4101 Laporte Avenue, Fort Collins CO 80521-2154
Research Project: Feral Swine and Ungulate Impacts
PhD, Michigan State University “Hotspots, underreporting, and dynamic
space-time influences of wildlife-vehicle collisions”, 2014
MS, Colorado State University, “Survival, effects of roads, and characteristics
of road-kill locations for the San Clemente Island fox”, 2009
BS, Central Michigan University, Biology,
Affiliations: Department of Animal, Rangeland, and Wildlife
Sciences, Texas A&M University-Kingsville
Finding solutions to wildlife damage issues
and human-wildlife conflicts, and managing threats from invasive species.
Appling field and laboratory studies, and
ecological modeling to address these issues.
Working to develop new management techniques
for invasive feral swine in the United States and Australia.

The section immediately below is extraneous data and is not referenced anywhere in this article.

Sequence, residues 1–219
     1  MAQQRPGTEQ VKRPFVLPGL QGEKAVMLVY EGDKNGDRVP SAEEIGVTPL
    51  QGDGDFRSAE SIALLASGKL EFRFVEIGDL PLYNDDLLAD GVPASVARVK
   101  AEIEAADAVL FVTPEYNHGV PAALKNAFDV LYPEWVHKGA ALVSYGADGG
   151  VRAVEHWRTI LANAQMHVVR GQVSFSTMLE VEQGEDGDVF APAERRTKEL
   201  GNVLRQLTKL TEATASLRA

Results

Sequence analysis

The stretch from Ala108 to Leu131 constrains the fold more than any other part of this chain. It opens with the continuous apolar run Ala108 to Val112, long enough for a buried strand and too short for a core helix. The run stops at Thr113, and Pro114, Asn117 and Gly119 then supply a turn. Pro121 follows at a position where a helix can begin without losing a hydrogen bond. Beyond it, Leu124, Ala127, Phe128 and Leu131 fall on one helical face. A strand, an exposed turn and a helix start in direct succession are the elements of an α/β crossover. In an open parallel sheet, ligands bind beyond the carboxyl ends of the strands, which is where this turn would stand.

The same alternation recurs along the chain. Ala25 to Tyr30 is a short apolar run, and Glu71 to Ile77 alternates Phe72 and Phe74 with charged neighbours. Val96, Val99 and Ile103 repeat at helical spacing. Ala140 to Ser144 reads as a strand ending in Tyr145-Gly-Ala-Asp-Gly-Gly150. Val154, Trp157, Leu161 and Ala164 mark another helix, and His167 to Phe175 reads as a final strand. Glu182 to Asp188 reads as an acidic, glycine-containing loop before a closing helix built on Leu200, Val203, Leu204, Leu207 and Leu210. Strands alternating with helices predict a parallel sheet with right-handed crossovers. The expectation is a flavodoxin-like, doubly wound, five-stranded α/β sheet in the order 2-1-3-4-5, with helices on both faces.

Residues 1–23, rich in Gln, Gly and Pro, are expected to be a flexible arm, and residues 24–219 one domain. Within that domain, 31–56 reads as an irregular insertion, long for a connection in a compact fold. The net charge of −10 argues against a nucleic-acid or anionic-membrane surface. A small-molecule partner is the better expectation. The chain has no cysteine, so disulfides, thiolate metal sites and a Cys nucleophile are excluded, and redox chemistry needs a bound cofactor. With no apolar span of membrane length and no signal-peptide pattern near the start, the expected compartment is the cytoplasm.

International Experience: Australia (feral swine)
Snow is a wildlife biologist that develops solutions for wildlife damage
management and resolving human-wildlife conflicts. In particular, Dr. Snow
works to minimize impacts from invasive species on agriculture and natural
resources. Currently, he focuses primarily on developing new management tools
for feral swine in the United States and Australia. Dr. Snow combines field
studies, pen studies, and statistical modeling to tackle this challenging
Snow, N.P., J.M. Halseth, M.J. Lavelle, T.E. Hanson, C.R. Blass, J.A. Foster, S.T. Humphrys, L.D. Staples, D.G. Hewitt, and K.C. VerCauteren. 2016. Bait preference of a free-ranging feral swine for delivery of a novel toxicant. PLoS One 11(1):e0146712. doi: 10.1371/journal.pone.0146712